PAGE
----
Once in a while, a student will ask something that is deeper than the scope of what you’re teaching. You should educate yourself beyond your class, but you shouldn’t be expected to know paramedic-level stuff if you’re teaching a basic first aid class. And sometimes, well, you’ll just be asked something you flat-out don’t know. Here’s what to do…and not do.
Don’t: BS the Student
The “what not to do” is real simple: when answering student questions, never – EVER – BS a student. I’ve seen this quite a few times. The instructor clearly doesn’t know. Instead of just admitting it, he attempts to make up an answer on the fly. There are a couple problems with this.
First, it doesn’t give your students the best possible information! It gives them potentially wrong information. Why would you strive to be an instructor if you’re willing to give out inaccurate information? If that describes you, choose another career path! Also remember that the entire class benefits or suffers from the answering of questions. Don’t screw the students to make yourself look good.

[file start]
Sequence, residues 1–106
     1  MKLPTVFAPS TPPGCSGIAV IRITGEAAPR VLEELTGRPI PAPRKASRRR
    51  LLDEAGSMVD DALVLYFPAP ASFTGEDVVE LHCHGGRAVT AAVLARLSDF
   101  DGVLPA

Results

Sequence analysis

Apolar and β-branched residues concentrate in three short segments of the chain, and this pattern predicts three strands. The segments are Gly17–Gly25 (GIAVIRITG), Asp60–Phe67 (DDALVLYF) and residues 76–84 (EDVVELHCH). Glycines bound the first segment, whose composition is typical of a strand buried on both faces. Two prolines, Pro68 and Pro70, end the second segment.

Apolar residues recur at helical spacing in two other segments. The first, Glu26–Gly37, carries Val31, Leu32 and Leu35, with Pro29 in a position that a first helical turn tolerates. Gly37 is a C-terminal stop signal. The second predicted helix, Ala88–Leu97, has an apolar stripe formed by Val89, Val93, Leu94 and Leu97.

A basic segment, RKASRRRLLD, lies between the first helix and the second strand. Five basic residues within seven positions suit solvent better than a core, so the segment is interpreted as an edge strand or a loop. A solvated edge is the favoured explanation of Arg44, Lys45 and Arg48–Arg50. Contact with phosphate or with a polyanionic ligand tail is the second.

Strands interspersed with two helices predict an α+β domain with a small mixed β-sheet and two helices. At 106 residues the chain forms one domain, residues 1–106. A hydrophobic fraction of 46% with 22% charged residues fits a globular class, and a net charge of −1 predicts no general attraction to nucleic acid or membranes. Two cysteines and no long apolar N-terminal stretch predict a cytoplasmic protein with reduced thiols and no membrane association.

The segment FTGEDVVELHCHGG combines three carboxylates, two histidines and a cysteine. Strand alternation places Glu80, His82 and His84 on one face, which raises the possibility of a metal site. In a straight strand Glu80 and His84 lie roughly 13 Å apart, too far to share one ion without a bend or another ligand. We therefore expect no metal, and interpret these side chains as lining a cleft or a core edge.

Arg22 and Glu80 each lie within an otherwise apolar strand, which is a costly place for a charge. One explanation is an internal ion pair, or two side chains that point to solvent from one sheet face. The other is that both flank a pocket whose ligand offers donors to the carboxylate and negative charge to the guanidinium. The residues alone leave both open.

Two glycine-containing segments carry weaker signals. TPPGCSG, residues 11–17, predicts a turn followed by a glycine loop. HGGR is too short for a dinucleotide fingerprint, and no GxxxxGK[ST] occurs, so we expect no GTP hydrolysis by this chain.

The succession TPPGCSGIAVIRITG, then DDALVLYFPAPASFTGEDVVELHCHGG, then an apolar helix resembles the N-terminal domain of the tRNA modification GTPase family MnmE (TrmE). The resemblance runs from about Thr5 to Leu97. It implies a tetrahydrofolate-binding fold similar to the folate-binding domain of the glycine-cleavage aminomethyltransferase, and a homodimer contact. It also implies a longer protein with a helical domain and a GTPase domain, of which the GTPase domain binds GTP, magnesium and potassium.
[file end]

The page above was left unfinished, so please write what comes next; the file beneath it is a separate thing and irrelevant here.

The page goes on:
Second, you will look like you are BS’ing. It may be obvious to the entire class; it will definitely be obvious to someone. Your attempt to make yourself look good will have the reverse effect and you will lose credibility. Savvy students will begin to question everything else you’ve said in the class. Trust me – this is not a good look.
Do: Admit You Don’t Know
This seems to be very easy for some of the best instructors I’ve trained under, and very difficult for some of the worst. I don’t know why some instructors are so afraid to simply say, “I don’t know.” If you truly don’t know, that’s the only right answer. The correct answer in Marine Corps formal schools is “I don’t know but I will find out and get back to you.” Honestly, that’s not a bad answer, either, but only use it if you will actually follow through.
I have seen some outstanding classes become totally derailed by questions. You should be paying attention to your Q&A sessions. In a perfect world you’d have some objective, outside feedback about your question-and-answer sessions. If you do feel your questions run long, or if they do run out of hand sometimes, give this method a try. It really works.